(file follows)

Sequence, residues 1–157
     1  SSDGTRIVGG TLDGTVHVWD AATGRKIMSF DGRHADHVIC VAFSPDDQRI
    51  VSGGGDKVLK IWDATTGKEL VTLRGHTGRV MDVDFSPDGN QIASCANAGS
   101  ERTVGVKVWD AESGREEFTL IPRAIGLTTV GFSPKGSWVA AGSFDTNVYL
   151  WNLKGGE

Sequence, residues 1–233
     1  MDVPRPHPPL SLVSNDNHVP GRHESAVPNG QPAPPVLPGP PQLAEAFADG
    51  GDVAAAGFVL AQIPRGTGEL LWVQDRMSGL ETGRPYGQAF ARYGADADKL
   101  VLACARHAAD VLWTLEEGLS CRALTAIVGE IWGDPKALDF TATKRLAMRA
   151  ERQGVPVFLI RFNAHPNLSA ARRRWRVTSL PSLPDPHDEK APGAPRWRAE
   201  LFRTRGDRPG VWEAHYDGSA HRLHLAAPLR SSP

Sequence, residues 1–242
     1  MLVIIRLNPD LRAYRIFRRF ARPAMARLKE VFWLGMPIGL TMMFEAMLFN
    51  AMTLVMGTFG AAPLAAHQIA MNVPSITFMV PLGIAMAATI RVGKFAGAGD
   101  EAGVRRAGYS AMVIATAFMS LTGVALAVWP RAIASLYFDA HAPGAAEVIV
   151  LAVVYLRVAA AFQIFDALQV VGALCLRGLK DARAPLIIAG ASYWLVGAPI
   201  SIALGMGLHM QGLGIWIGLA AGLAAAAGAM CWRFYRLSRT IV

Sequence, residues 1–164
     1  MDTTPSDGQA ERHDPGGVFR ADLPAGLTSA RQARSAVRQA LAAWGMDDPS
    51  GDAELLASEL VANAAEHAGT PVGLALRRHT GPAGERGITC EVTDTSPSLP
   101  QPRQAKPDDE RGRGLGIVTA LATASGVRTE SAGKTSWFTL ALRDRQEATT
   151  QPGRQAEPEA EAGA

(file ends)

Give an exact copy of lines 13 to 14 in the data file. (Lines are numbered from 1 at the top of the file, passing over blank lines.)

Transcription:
     1  MLVIIRLNPD LRAYRIFRRF ARPAMARLKE VFWLGMPIGL TMMFEAMLFN
    51  AMTLVMGTFG AAPLAAHQIA MNVPSITFMV PLGIAMAATI RVGKFAGAGD